by Mary Caperton Morton Tuesday, September 13, 2016
During the last ice age, giant mammals roamed the wide-open steppes of what is now Patagonia. Around the time that humans were making their way down through North America and into South America, the climate began warming and large species of giant sloths and saber-toothed cats soon disappeared. Now, researchers looking at mitochondrial DNA from some of these megafaunal species are shedding light on the timing of the extinction and whether encroaching humans or changing climate — or both — were to blame for their disappearance.
Patagonia is an ideal place to study the Late Pleistocene megafaunal extinction, says Alan Cooper, a biologist at the Australian Center for Ancient DNA at the University of Adelaide and a co-author of a new study in Science Advances. “Patagonia has a number of volcanic caves and lake shore caves, many of which are stocked with megafaunal remains,” he says. “The cold temperatures also help preserve DNA and make for high-resolution data.”
Cooper and his colleagues used mitochondrial DNA extracted from radiocarbon-dated bones and teeth found in caves across Patagonia and Tierra del Fuego to map the genetic history of six megafaunal species, including the giant jaguar, large ground sloths and the one-ton short-faced bear. “The combination of radiocarbon dating and mitochondrial DNA allowed us to see the timing of the major changes in diversity of these populations,” Cooper says, and to “compare that timing with the arrival of humans in the area, as well as with the timing of warming.”
The team identified a narrow extinction phase starting about 12,300 years ago, while the earliest dates from archaeological sites place humans in the region starting about 14,600 years ago. “Clearly, we have a prolonged overlap between human presence in the area and the megafaunal extinction. These animals were coexisting with humans for some time before [the animals] started disappearing,” Cooper says.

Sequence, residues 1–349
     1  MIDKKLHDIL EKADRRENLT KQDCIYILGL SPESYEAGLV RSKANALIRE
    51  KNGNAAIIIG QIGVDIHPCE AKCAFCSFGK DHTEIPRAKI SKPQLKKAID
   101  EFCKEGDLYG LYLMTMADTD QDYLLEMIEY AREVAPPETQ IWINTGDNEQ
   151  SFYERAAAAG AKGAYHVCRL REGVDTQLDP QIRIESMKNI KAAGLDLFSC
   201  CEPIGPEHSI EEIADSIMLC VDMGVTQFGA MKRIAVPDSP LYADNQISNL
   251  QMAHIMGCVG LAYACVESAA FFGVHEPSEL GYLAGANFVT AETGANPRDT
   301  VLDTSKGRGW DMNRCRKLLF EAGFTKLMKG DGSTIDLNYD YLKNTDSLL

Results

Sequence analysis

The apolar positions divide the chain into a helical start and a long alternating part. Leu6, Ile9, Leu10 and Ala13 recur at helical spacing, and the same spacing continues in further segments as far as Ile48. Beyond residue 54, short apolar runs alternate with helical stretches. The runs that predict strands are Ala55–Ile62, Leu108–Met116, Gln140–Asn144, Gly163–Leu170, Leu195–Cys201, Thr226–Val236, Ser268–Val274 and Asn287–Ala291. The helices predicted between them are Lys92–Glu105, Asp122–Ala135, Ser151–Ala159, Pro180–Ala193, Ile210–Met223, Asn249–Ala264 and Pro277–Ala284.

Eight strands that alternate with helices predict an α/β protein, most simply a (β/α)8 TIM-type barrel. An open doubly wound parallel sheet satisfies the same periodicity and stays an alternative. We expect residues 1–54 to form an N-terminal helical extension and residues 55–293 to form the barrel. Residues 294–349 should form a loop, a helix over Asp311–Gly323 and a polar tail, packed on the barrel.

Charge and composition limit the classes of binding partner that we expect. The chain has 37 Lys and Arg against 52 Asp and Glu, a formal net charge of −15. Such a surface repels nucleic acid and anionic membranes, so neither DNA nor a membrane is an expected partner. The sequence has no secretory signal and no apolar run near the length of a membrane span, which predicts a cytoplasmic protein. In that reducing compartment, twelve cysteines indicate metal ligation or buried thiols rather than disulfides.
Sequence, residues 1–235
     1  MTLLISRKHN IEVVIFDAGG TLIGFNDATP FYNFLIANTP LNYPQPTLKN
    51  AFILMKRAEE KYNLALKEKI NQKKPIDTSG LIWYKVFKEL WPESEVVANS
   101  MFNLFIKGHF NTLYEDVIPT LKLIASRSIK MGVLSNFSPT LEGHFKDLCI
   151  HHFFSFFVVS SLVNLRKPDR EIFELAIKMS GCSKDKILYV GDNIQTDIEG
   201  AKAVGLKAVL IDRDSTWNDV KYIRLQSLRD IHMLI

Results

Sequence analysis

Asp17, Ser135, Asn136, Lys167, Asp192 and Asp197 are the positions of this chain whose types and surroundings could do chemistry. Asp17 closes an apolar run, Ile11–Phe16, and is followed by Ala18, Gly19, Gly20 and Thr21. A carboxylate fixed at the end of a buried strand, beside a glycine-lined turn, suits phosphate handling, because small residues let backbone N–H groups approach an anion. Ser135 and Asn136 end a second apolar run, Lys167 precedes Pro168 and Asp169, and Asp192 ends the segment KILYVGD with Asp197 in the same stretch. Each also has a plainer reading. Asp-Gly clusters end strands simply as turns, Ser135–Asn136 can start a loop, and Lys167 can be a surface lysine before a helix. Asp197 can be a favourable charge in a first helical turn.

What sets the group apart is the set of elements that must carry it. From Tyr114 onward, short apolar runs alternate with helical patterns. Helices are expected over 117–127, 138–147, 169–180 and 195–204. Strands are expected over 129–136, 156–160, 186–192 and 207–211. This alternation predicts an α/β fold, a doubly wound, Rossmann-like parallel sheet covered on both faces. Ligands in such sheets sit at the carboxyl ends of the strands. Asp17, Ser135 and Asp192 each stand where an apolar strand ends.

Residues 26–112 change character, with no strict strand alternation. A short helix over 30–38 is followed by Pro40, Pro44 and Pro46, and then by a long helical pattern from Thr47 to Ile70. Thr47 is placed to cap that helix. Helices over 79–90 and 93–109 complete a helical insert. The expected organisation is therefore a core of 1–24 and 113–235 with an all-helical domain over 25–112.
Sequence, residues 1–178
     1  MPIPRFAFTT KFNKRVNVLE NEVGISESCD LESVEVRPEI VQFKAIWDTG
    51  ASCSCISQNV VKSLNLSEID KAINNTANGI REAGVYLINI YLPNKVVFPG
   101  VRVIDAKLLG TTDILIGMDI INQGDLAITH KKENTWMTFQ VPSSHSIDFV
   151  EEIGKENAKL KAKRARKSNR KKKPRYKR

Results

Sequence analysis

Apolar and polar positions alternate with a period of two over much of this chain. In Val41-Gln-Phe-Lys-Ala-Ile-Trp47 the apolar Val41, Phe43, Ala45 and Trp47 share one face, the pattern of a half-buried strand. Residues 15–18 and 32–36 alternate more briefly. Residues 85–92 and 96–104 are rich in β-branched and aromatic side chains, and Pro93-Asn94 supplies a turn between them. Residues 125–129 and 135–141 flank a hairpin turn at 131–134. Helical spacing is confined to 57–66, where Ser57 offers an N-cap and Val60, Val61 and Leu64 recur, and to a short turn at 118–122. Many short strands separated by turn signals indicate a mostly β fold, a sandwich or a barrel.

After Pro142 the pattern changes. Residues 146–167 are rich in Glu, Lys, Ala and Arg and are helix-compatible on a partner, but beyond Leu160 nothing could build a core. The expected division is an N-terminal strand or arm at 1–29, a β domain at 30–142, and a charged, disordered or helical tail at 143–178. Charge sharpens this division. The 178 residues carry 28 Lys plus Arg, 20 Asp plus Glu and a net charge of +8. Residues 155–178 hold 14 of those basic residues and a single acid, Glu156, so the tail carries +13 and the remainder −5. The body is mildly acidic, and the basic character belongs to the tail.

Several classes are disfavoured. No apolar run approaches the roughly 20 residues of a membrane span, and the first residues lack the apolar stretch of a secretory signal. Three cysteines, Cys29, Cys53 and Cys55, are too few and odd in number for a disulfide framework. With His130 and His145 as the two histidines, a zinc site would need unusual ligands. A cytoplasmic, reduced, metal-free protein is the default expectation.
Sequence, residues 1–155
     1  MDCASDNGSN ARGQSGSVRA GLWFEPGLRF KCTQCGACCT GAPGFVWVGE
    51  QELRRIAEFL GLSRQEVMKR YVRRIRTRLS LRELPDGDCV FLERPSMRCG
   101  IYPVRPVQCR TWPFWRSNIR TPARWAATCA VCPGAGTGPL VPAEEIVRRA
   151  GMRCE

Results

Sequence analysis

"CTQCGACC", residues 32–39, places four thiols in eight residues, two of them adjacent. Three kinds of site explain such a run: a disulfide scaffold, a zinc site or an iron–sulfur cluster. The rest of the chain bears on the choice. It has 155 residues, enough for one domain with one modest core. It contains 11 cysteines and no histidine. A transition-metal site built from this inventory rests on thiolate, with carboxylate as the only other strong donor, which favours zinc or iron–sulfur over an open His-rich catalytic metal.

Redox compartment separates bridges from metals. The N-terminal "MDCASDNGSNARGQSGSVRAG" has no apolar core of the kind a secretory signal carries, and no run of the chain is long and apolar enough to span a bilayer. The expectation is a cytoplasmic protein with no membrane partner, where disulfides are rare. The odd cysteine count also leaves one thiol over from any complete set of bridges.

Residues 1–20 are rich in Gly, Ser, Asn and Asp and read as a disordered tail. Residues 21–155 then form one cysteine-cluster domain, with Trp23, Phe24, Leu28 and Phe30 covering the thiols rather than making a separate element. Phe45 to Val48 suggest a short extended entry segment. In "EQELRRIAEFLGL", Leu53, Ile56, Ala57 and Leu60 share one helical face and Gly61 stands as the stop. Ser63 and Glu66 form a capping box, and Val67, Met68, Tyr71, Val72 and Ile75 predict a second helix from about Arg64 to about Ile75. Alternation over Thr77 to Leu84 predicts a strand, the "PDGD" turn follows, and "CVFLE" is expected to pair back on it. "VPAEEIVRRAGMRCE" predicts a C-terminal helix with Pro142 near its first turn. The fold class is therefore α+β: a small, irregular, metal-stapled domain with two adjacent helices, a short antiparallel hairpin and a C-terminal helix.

To better understand why the megafauna started dying out, the team turned to previously published Antarctic ice-core records to examine regional climate change at the time. They found that humans arrived right before a cold phase, known as the Antarctic Cold Reversal stadial, which started 14,500 years ago and persisted for two millennia until the next warming phase began about 12,500 years ago. “That 2,000-year window is when we see megafauna and humans coexisting. But as soon as the stadial ends and climate starts warming, within 200 years the megafauna go extinct,” Cooper says. “That’s kind of a smoking gun.”
Previous studies have used radiocarbon dating and climate records to try to pinpoint megafaunal extinctions, but the addition of ancient DNA in this study makes it especially compelling, says Emily Lindsey, a paleoecologist at the University of California, Berkeley, who was not involved in the new study. “Ancient DNA is a really important piece of this puzzle.”
As South America was warming, it was also getting wetter. Pollen records that Lindsey and her colleagues have studied show that tree cover was increasing across the continent, putting pressure on many of the megafaunal species that were adapted to living in grasslands. The new findings add support to the hypothesis that a confluence of human pressures such as hunting and increased fires, combined with the pressure brought about by climate change, likely led to the demise of most of the megafaunal species at the end of the ice age, Lindsey says.
“There are a few scientists out there who still favor the Blitzkrieg hypothesis,” which blames overhunting by humans as the primary driver of megafaunal extinctions, Lindsey says, “but studies like [Cooper et al.’s] are showing that there was longer overlap between humans and megafauna than we initially thought.
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